Helping new Canadians realize their potential

It means a lot to Chuck Tsui when his colleagues wish him a Happy Chinese New Year. “It’s the most important holiday for people of Chinese origin, and working in an organization that recognizes and celebrates this special date makes me feel respected and supported,” says the business development manager of TD Direct Investing from Vancouver.

Traditionally, the holiday is a time to get together, and TD seizes the opportunity to celebrate with employees and the larger community with events that include gala dinners, lion and dragon dances, lucky draws and prizes, says Mr. Tsui. “It’s a way to show our appreciation to the community, and from what I’ve witnessed for over 10 years, everyone is really excited to participate.”

Chinese New Year also presents an opportunity to recognize the contribution of immigrants to Canadian society, says Mushtak Najarali, senior vice-president, Everyday Banking, TD. “Immigration is how Canada has grown, and it will play an even more critical role in the future.

Supporting newcomers when they arrive in Canada sends the important message that they are welcome. It also makes good business sense.
— Mushtak Najarali is senior vice-president, Everyday Banking, TD

“Supporting newcomers when they arrive in Canada sends the important message that they are welcome. It also makes good business sense,” says Mr. Najarali. “If we make it possible for newcomers to have access to resources that can help adjust to a new way of life, they will thrive and positively contribute to the Canadian society and economy.”

Challenges for newcomers may include navigating day-to-day life – including financial transactions – in a new language, says Mr. Najarali. The TD language line can help – it is a service where translators support branches in over 200 languages. And being able to establish a relationship and deal with an adviser who speaks their native language can make a lot of difference, he adds.

A TD survey found that almost nine in 10 newcomers consider establishing good financial standing in their first year in Canada a top priority, yet nearly half stated that they didn’t know where to start when setting up their finances. Among new Chinese Canadians, more than 87 per cent wish they had a better understanding of how to build their credit rating.

In consideration of the most common challenges newcomers face, TD offers a package that can help simplify the process of getting established. “Our New to Canada package offers features that can help newcomers start building a financial foundation in Canada,” says Mr. Najarali, who offers two pieces of advice: “First, come into a branch and get help with your basic banking needs. Second, talk to us about how to start establishing a credit history in Canada.”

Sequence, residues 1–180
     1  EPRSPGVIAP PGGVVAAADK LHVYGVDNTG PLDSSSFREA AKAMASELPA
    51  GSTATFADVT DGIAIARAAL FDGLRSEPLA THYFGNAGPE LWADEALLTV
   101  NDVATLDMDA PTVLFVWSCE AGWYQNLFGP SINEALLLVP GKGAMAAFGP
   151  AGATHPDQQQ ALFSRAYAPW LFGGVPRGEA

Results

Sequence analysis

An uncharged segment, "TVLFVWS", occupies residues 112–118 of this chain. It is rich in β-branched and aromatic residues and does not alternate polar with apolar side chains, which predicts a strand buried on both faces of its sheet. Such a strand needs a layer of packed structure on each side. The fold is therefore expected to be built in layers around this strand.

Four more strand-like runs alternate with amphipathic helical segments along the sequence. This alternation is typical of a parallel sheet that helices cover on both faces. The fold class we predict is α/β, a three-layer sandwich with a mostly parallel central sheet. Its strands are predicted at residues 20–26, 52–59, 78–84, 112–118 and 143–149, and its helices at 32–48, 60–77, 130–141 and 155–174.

Mr. Najarali believes it’s important to understand the value of establishing a credit history. “Many first or second generation immigrants still think cash is the way to go and credit is something to avoid,” he explains. “But when you want to get a lease or mortgage, for example, most institutions look at your credit rating.”

The package includes the option of applying for a TD credit card even for those who don’t have a Canadian credit history. And additional financial education resources, such as the TD Money Matters programs for newcomers and new Canadians, are designed to build familiarity with the Canadian banking system and offer guidance on establishing credit and developing a savings plan, says Mr. Najarali. “This is what Canada is all about: being inclusive.”

Mr. Tsui is experiencing this first hand as a member of the TD team. “I’m very thankful that my culture is so respected,” he explains. For the upcoming holiday season, Mr. Tsui is looking forward to the TD Chinese New Year gala events, where the executive team joins the employees to welcome the Year of the Rooster. The celebrations vary in size – close to 1,000 people gather for the Vancouver Chinatown and Toronto Markham galas, for example – and present a chance to exchange good wishes for the season, mix and mingle, as well as perform in a talent show. “It’s a lot of fun,” says Mr. Tsui.

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